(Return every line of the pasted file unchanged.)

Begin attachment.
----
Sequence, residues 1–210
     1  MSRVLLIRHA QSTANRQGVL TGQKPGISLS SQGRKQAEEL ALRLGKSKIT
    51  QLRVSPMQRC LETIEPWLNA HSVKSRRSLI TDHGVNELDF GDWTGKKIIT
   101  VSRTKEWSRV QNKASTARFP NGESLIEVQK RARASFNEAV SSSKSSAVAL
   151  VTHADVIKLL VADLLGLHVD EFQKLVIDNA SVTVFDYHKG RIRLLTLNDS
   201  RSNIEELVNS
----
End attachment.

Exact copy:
Sequence, residues 1–210
     1  MSRVLLIRHA QSTANRQGVL TGQKPGISLS SQGRKQAEEL ALRLGKSKIT
    51  QLRVSPMQRC LETIEPWLNA HSVKSRRSLI TDHGVNELDF GDWTGKKIIT
   101  VSRTKEWSRV QNKASTARFP NGESLIEVQK RARASFNEAV SSSKSSAVAL
   151  VTHADVIKLL VADLLGLHVD EFQKLVIDNA SVTVFDYHKG RIRLLTLNDS
   201  RSNIEELVNS